John Zinn’s objective is to understand how the New York game came to New Jersey and then developed and expanded throughout the entire state. He has been examining close to 50 contemporary newspapers that survive as well as national publications. In the pre-war period (1855-1860) there were organized base ball clubs in only about a third of New Jersey’s 21 counties. He plans to look at other information such as the reach of the railroad to try to understand why the game did and didn’t reach the different parts of the state. He is now shifting to the 1861-1870 period.
John wrote the New Jersey section Baseball Founders. He is on the planning committee for the November 2014 SABR symposium on 19th century base ball in the greater New York area, including New Jersey.
Having added nearly 1000 finds of the early play of modern base ball around the US, Bruce Allardice has begun to turn up earliest games in other countries. In July he pinned down and entered new “Earliest Known Games” in Argentina, Bermuda, Burma, the Netherlands, Panama (a Cricket and Baseball Club in 1883, yet), Uruguay and several other nations.
Rich Arpi reports that the Minnesota SABR chapter has discussed the idea of mapping the spread of base ball in Minnesota by locating the first known modern game in the larger MN towns.
John Bowman is taking a fresh look at the history of the 90-foot basepath in baseball, and is reflecting on how the choice of a different distance might have affected the game.
Mark Brunke continues to collect information on very early ballplaying in Sacramento, Seattle, and Victoria British Columbia. He is finding that some early pioneers in that region played both base ball and cricket, at first.
“Baseball in the Bronx, before the Yankees,” is Gregory Christiano’s new book. It focuses some on the Morrisania Unions, and draws extensively on Craig Waff’s Games Tab (http://protoball.org/Games_Tabulation) and other PBall data. A google search of <”Gregory Christiano” Bronx> takes you to Amazon page for Gregory’s book.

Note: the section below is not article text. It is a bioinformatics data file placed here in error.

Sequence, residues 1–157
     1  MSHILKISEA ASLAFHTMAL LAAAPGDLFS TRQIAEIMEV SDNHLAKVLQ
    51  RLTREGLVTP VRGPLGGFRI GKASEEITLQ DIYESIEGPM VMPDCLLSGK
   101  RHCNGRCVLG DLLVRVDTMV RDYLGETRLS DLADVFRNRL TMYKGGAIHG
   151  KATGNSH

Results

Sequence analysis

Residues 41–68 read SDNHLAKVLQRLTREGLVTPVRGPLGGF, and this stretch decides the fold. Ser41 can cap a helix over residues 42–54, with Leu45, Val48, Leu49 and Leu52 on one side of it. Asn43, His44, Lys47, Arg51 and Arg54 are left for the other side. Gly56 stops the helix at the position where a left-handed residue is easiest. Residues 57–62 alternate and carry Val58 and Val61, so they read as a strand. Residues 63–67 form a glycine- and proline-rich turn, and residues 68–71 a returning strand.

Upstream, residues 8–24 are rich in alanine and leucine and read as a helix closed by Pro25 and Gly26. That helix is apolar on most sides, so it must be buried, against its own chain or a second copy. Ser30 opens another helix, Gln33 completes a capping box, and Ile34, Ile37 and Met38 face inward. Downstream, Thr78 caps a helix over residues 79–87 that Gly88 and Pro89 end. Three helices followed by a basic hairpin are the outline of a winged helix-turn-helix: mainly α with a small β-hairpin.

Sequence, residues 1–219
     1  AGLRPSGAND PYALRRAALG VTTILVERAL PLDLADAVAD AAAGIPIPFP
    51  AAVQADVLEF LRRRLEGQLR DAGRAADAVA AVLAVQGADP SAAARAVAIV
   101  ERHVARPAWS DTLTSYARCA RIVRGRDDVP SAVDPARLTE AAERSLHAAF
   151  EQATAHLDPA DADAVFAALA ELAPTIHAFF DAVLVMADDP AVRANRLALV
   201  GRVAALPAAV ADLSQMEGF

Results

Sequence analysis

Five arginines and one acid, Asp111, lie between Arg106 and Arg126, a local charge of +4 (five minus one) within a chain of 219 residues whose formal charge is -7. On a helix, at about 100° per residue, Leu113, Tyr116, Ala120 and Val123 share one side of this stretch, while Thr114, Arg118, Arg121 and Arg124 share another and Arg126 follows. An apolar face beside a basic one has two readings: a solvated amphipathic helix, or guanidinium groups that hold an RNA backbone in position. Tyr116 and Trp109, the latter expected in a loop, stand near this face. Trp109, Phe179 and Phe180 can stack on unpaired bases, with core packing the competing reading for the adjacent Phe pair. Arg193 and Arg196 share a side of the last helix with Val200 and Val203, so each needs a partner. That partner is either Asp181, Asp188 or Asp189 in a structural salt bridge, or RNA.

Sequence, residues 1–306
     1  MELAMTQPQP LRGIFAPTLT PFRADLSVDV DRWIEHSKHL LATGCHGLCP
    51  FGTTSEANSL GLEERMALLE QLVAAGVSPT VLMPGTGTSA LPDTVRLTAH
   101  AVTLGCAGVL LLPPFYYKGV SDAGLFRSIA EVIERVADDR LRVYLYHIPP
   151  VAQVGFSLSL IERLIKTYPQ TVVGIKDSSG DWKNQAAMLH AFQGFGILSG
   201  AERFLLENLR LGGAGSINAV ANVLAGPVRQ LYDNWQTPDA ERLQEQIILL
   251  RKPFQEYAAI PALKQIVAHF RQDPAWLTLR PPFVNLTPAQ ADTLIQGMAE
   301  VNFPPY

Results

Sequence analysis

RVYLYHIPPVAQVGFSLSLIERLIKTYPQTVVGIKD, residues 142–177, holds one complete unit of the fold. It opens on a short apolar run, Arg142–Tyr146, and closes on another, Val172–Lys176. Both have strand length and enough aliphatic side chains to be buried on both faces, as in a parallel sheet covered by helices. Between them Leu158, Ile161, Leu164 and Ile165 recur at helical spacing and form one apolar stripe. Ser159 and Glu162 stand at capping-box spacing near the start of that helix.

British-born Joe Gray is collecting information on the play of modern base ball in Britain, and has recently turned up games played as early as 1870 in Dingwall, Scotland. Joe reports that his personal interest is expanding to include earlier British baserunning games. His very comprehensive web page is found at http://www.projectcobb.org.uk/.
Tom Heitz participated in a large Cooperstown tour organized in part by filmmaker Ken Burns. Tom presented a lecture on base ball’s early rules and supervised a throwback Town Ball game for the tour on the lawn behind the Fenimore Art Museum.
Bill Humber is working on the story of Canada’s earliest base ball, focusing in partonWilliam Shuttleworth, a key person on an 1854 team. Bill is also continuing to identify the nature of the “Canadian game,” which preceded the arrival of the New York game in Canada.
A new version of the “This Game of Games” website was
launched in June by Jeff Kittel. The site, which traces early ballplaying in
Greater St. Louis and the Trans-Appalachian West, is at http://www.thisgameofgames.com/